Tuesday, October 7, 2008

Current yield curve is off the IMF's charts

The International Monetary Fund (IMF) released its Global Financial Stability Report for October 2008. The first paraagraph reads:
“With financial markets worldwide facing growing turmoil, internationally coherent and decisive policy measures will be required to restore confidence in the global financial system. Failure to do so could usher in a period in which the ongoing deleveraging process becomes increasingly disorderly and costly for the real economy. In any case, the process of restoring an orderly system will be challenging, as a significant deleveraging is both necessary and inevitable. It is against this challenging and still evolving backdrop that the Global Financial Stability Report (GFSR) frames the recent events to suggest potential policy measures that could be helpful in the current circumstances.”
Point: Only international coordination will get us out of this mess. Further, it will be a painful process as firms and housholds delever.

Interesting Figure for today (Chart 3.6 in the report): Yield Curves and Business Cycles (Click to enlarge):
The chart illustrates the IMF’s estimated yield curve over the different phases of the business cycle: Trend, Trough, and Peak. It also lists the U.S. yield curve as of 10/03/08 and that at the defined trough of the last recession, 11/16/01. The 2001 recession better typifies a yield curve at the business cycle’s trough, however, the front end is slightly steeper.

On the other hand, the current yield curve doesn’t fit any of the historical patterns: Trend, Trough, or Peak (of course not peak). The steepness of the curve is not the problem, it is the relative magnitudes of the yields. The front end of the typical trough yield curve (1, 2, 3 yr maturities) yields 2.3 times the return relative to the current curve. The back end of the typical trough curve (10, 20, 30 yr maturities) yield 1.4 times the return relative to the current curve. In a banking crisis, the typical yield curve is all but a pipedream, as tight credit conditions prevail. Banks hoard short-term funds, resulting in a very low and steep front end of the curve.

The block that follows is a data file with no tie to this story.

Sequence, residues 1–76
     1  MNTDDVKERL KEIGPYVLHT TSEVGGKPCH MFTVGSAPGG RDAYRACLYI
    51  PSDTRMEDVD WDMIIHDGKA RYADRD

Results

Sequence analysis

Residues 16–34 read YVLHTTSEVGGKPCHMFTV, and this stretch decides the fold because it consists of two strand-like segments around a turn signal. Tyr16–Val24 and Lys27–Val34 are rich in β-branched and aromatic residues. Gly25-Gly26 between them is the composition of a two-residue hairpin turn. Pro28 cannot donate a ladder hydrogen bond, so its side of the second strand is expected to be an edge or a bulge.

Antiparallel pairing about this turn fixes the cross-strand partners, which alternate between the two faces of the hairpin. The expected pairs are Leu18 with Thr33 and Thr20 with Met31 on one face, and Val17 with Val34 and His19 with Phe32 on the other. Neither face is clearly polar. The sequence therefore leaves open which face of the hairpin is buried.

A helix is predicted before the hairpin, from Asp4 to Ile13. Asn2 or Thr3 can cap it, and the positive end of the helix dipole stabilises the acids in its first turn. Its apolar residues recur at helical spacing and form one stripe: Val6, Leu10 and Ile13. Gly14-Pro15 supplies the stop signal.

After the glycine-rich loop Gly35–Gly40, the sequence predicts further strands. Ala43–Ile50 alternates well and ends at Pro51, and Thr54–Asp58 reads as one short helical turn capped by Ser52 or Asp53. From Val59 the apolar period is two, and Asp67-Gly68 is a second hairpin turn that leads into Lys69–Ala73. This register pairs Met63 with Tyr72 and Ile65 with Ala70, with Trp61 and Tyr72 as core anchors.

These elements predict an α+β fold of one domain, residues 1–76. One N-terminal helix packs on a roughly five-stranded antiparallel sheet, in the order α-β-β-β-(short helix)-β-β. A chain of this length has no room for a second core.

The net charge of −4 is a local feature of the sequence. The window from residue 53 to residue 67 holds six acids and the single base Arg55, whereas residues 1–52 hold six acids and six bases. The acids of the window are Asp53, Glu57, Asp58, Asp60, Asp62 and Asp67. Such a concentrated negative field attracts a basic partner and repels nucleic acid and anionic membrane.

We are in unchartered territory here. Only history books tell us how to avoid another Depression, since most of the people who survived it are no longer living. However, with the help of Economic Historians (Ben Bernanke) and intelligently coordinated efforts on the parts of all developed economies, we may just get through this thing.

Rebecca Wilder

1 comment:

  1. The Federal Reserve’s first fifteen years were a period of relative prosperity, but the crash of 1929 ushered in a decade of global financial instability and economic depression. Subsequent scholarship, notably the classic monetary history by Milton Friedman and Anna J. Schwartz (1963), argued that the Federal Reserve’s failure to stabilize the money supply was an important cause of the Great Depression. That view today commands considerable support among economists, although I note that the sources of the Federal Reserve’s policy errors during the Depression went much deeper than a failure to understand the role of money in the economy or the lack of reliable monetary statistics. Policymakers of the 1930s observed the correlates of the monetary contraction, such as deflation and bank failures. However, they questioned not only their own capacity to reverse those developments but also the desirability of doing so. Their hesitancy to act reflected the prevailing view that some purging of the excesses of the 1920s, painful though it might be, was both necessary and inevitable.


    Remarks by Chairman Ben S. Bernanke
    At the Fourth ECB Central Banking Conference, Frankfurt, Germany
    November 10, 2006

    Sounds familiar.

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